Ten Questions

I think there’s a purpose behind the nine long months of pregnancy. This time is vital for introspection, reflection, setting boundaries, and discovery. As I’ve said so many times before, birth is not a “body”’s an act of the soul and the mind and the will.

Yes, I have a checklist of the things that I need to discuss with clients...and worksheets for them to fill out if they’re “paper people”. But, in order to serve my clients well, I need to go further, deeper. So, over the months, we talk on the phone discussing everything from diapers to spirituality. I often ask couples some unusual questions to help them uncover how their life experiences may affect them during the birth and postpartum. Usually, the deeper we go, the greater the understanding, resulting in a much more positive emotional experience for everyone.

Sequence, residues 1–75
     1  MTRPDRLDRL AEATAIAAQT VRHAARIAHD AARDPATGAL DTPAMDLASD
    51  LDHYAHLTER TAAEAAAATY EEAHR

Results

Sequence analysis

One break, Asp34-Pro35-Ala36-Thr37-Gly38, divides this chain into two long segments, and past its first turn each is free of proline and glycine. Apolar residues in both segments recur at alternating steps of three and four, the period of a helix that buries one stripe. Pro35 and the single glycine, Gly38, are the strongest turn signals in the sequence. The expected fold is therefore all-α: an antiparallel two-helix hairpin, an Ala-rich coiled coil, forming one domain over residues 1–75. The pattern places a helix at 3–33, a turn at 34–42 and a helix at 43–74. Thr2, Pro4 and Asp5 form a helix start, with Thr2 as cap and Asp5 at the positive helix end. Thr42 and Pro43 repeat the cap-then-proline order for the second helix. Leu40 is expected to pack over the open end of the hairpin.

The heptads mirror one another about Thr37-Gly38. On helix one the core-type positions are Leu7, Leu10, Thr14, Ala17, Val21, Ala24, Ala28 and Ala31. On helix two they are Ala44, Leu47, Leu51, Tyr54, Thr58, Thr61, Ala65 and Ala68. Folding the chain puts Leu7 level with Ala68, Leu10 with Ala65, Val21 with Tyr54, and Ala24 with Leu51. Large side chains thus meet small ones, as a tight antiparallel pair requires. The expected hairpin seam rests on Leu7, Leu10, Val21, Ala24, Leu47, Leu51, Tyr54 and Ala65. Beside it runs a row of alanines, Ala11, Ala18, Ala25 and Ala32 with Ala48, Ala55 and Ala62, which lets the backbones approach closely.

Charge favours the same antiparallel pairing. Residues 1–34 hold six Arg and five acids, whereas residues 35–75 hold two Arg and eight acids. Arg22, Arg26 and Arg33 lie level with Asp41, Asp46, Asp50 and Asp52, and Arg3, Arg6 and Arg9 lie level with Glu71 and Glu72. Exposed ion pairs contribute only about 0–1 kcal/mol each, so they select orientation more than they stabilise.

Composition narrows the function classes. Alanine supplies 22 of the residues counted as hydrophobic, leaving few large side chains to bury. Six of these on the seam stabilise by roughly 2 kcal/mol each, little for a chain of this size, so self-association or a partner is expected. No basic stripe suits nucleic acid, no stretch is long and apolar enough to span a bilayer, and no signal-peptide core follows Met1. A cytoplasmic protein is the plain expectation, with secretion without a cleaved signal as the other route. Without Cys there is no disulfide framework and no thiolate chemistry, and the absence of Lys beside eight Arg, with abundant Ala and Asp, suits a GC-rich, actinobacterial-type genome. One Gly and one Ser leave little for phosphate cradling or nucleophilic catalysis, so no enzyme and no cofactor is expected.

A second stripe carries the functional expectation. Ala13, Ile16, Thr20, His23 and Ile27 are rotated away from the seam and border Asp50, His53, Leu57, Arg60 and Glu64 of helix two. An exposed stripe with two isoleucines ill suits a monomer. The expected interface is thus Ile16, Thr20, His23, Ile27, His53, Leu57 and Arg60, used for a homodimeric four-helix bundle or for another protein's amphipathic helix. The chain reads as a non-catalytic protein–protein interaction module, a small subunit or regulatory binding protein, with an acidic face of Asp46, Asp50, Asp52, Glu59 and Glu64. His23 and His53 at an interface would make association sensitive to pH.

If we skim the surface in our phone calls or visits...or if clients don’t share honestly with me...or give me only SOME of the pieces to the puzzle...then the house of cards may fall down, and a challenging birth and postpartum period may result. I can only work with the information that is given to me.

So, thank you to all my clients who take the time to build a bridge of earned trust. Thank you to those who hear me, to those who share openly and honestly with me, their partners, their families, and friends. Those who share without masks or guilt or shame should find that the process of pregnancy and birth will take them to a whole new level of living.

So, here are just 10 of the questions that I may ask over those nine months...some might appear unusual...but there’s a method to the madness...
  1. What kind of an suitcase packer are you? Do you have games to see who can take the least amount of stuff in your MEC duffle? Or do you always end up paying for overweight luggage? (This question is not just about what you pack!)
  2. How long does it take for you to make decisions - on your own, and as a couple? Did you take 10 years to decide to get married? Or do you often kick yourself for being too impulsive (like Dharma and Greg on TV)?
  3. How much guilt do you take on in life? Do you think you’ll be able to be pragmatic and avoid “mother guilt”? (We have enough guilt in the world...)